Special to the Enquirer McBride is awarded his Eagle Scout July 5 for his efforts in helping other children who have lost a parent to suicide.

Hartselle teen uses experience to help others

 

In light of his father’s sudden death, Hartselle teen Janzen McBride decided to take part in a special Eagle Scout project to help others who are going through something similar. 

When McBride was 11 years old, he lost his father to suicide. By age 14 he was determined to make sure no other child has to feel alone if they go through a similar situation. 

NaToshia Garrison, McBride’s mother, said her son has always known he wanted to do something to help others going through the loss of a parent. She said he drew from his own experiences and did some research to help write a brochure for other children who lose someone to suicide.

“He decided there was a big gap. When his father passed away, he was 11, and all the brochures and information people gave him were written by an adult and basically for adults,” Garrison said. “He felt very isolated and very alone, and he didn’t understand how he was supposed to feel. All the stuff they gave him was written kind of over his head. He decided he wanted to create something for children and young adults that was by a young adult.” 

Special to the Enquirer
Janzen McBride stands in front of the Hartselle City Schools Central Office with his completed brochure about losing someone to suicide.

With help from his grief counselor with hospice, McBride spent 80 hours researching, writing and sharing his own experiences to make the child-friendly guide – but it didn’t stop there.

McBride said he felt the brochure was so important he walked to the Hartselle City Schools Central Office five times to talk with Superintendent Dr. Dee Dee Jones about placing the brochures in each of the schools. He also went to Camp Hope and shared his experiences with three other children in Morgan County who had lost a parent to suicide. “He decided to share his own personal story in the brochure. He said if it helps just one person, it’s worth it,” Garrison said.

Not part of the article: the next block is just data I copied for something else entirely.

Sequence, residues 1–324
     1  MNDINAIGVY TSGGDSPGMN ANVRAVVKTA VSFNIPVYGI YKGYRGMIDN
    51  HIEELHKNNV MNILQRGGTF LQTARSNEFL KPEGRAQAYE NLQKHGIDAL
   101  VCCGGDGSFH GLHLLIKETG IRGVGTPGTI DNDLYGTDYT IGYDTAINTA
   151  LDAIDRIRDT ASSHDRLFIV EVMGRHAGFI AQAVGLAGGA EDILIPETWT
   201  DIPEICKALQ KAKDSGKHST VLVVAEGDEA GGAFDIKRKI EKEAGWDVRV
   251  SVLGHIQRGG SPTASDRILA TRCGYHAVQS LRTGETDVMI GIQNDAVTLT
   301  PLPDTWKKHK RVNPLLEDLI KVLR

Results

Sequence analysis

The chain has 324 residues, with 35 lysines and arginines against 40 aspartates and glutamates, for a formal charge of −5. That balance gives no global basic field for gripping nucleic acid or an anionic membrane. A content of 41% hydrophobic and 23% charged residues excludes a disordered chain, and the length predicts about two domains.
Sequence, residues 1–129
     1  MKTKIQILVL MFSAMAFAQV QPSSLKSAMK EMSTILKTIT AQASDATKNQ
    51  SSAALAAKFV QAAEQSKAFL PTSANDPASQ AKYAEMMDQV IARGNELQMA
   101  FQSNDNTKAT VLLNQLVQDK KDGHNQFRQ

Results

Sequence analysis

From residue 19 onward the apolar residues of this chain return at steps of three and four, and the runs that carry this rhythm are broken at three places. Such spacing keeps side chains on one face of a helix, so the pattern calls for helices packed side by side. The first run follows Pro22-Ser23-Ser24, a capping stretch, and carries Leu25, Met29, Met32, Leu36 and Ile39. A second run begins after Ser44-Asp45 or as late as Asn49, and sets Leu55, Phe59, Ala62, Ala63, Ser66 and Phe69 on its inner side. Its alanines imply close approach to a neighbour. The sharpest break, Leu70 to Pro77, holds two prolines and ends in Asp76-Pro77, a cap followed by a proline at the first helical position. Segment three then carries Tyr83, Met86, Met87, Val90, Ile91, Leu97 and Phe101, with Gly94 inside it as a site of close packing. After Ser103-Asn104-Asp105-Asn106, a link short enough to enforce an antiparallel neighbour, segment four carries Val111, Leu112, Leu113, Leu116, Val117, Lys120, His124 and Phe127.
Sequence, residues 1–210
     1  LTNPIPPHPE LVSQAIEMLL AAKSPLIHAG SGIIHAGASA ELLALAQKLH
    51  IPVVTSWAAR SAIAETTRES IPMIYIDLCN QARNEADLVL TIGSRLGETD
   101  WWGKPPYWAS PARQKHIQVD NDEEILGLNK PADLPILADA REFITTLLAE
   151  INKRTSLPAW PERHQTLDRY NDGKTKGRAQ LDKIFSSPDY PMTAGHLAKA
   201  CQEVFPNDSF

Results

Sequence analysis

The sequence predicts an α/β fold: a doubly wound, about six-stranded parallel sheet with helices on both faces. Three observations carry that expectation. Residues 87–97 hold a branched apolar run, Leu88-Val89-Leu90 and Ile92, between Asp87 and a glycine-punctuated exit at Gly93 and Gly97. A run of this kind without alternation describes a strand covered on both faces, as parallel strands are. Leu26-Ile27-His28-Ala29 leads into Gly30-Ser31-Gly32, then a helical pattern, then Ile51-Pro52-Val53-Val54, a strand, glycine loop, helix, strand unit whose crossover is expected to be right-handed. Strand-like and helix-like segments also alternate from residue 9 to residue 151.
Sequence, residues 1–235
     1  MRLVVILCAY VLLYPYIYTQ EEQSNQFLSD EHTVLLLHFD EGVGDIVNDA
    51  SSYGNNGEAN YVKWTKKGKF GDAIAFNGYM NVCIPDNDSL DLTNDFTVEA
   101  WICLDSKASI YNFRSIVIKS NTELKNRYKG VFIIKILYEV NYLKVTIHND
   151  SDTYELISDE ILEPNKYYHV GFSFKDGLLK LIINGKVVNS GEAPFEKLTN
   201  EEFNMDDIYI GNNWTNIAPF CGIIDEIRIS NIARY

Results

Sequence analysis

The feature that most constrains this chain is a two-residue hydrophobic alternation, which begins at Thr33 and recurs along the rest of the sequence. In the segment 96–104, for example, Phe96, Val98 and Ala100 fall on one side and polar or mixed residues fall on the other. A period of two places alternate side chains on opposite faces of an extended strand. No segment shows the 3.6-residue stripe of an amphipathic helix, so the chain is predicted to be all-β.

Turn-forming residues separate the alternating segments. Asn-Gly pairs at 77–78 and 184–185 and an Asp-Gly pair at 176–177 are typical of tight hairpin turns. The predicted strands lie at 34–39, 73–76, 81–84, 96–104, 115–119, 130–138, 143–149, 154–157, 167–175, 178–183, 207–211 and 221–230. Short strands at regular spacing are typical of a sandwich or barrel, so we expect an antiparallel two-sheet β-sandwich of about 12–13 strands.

Garrison said the hours of work were made much more special when her son was able to visit with children at Camp Hope and share his work. “He felt really, really good when it was complete – especially because right when it was done was when Camp Hope started, and he was able to take it and physically see how it helped another child,” Garrison said. 

After his brochure was reviewed, McBride earned his Eagle Scout for the project earlier this month. His pamphlets will be used in all of Hartselle City Schools and in Decatur Heritage. 

Garrison said having the pamphlet in the schools was especially important to McBride. “When his father passed away, he was in the Intermediate School, and his counselor really talked to him and made a big impact on him there,” Garrison said. “All of his teachers, librarians, lunch ladies and school staff signed a card and mailed it to our address. He said if another kid walks in that office, now the counselor will be able to say they are not the only kid that has been through this.”

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